I...somehow think this will not mean increased fairness and transparency (does anyone even know who was on this thing before?). We can question the wisdom of having the guy who chooses the stock and does the draw also getting final say over rules and enforcement, not to mention the CEO being in there, but the gigantic and obvious issue here is that Gleason, Murray, and Lambert have all made it more than clear that they love J.B. Mauney and heavily favor his style of riding; I'm pretty sure that Snyder and McBride, even if they have alternate opinions, could make little headway (and according to another recent article, McBride and Lambert have a close friendship). [Late-breaking news: new rules have been unveiled, and seem fairly decent modifications, even if the underlying system remains flawed and biased.  Not to mention having the same group create, execute and enforce laws is questionable at best.]

So, having pummeled us with a nonstop stream of Mauney media, it's now fairly obvious that if Mauney falters, even with the especially-designed-for-him point system, the ECC could, at a moment's notice, change rules to prop him up or impede others. Will this happen? We shall see. I am not by nature a conspiracy theorist, but the shady way the new point system was designed, the broad powers the ECC apparently wields, and the history of flip-flopping rules do not exactly reassure.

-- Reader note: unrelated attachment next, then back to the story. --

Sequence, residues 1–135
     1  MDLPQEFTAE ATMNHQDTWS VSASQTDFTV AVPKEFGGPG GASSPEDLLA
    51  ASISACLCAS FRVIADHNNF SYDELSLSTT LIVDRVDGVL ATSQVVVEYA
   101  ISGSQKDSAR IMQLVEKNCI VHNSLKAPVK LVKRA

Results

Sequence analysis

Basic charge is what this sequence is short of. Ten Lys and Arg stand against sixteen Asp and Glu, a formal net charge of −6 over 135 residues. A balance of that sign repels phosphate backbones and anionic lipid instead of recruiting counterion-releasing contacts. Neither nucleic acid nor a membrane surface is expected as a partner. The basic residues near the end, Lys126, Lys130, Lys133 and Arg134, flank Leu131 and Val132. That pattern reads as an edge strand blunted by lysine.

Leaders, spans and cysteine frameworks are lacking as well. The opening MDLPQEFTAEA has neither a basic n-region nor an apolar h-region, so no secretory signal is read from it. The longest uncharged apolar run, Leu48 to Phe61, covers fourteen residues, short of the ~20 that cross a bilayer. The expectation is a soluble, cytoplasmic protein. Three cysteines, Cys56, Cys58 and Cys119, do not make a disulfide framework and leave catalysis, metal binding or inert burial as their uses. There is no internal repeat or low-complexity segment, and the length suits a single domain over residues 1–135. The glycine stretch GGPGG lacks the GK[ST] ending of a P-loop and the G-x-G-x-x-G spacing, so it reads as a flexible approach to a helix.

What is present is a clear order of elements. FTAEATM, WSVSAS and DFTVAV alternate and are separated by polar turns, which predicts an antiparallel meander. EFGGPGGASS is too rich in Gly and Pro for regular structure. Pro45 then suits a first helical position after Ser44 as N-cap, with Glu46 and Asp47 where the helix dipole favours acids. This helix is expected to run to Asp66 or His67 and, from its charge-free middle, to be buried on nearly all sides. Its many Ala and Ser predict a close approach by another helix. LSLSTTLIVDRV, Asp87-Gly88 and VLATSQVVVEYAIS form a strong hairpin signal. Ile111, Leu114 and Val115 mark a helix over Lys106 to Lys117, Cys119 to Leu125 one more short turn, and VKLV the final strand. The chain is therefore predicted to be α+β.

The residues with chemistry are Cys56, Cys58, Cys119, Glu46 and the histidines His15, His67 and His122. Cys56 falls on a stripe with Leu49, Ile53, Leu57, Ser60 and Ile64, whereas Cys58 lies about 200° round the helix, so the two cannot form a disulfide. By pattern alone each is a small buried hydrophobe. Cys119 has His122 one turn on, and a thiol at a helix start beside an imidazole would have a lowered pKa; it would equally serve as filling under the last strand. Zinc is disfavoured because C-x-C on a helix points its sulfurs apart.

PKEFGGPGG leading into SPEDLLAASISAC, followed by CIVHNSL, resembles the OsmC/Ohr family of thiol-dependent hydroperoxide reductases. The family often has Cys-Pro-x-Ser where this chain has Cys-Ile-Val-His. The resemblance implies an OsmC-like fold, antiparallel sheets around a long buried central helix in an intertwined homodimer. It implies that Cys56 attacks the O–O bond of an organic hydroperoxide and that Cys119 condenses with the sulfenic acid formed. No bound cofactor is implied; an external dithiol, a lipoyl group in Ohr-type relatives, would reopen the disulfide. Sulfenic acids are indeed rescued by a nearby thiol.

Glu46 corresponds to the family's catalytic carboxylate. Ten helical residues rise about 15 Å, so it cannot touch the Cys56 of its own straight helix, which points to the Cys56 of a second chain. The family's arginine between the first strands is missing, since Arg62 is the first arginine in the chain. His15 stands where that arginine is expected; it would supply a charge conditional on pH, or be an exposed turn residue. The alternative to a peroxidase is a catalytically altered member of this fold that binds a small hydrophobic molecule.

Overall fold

To be clear, I'm not blaming J.B. Mauney here. He didn't make the point system, and he can't help that the PBR won't shut up about him or angling to keep him on top (especially now that he is apparently their entire marketing strategy). As I've said repeatedly, he is a talented rider, and I understand why the PBR likes him. But at this point, assuming I dare attend an event, I am fully expecting Cody Lambert or perhaps Ty Murray to leap out and offer me a free personality profile. Next thing I know, I'll be paying thousands to clear any Brazilian thetans from my aura at the Mauneyology center, and then will deliriously chant, "Dragonslayer! Dragonslayer!" while I jump off couches.

But until such time as I succumb to the brainwashing, there is a whole field of other guys that are getting ignored at best and completely screwed over at worst with this myopic Mauney-mania and endless tinkering with rules to assure an outcome. In a sport where guys get hurt and disappear for months at a time, is this focus on one rider wise? What happens when new viewers picked up from "Danger on the Dirt" tune in to see Mauney buck off, or not appear at all?  What are they supposed to care about then, since the PBR is only interested in J.B., and in a limited fashion, a few other riders? Or what happens when people who want to see a real sport and not an engineered outcome get sick of it all? I guess we'll see this season, assuming we bother to watch.